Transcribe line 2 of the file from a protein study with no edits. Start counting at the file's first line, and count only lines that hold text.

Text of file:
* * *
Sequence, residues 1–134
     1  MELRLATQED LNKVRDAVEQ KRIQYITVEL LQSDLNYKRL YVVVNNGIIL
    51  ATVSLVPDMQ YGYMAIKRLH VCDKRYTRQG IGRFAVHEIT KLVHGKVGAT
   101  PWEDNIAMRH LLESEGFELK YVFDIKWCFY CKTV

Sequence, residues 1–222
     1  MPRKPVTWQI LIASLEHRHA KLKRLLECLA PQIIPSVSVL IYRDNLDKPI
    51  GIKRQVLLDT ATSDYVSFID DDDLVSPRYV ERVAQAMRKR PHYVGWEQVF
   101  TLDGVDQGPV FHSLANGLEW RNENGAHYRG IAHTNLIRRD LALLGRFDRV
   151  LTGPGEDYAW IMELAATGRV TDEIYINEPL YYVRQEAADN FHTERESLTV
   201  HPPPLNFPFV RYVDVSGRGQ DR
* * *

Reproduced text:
     1  MELRLATQED LNKVRDAVEQ KRIQYITVEL LQSDLNYKRL YVVVNNGIIL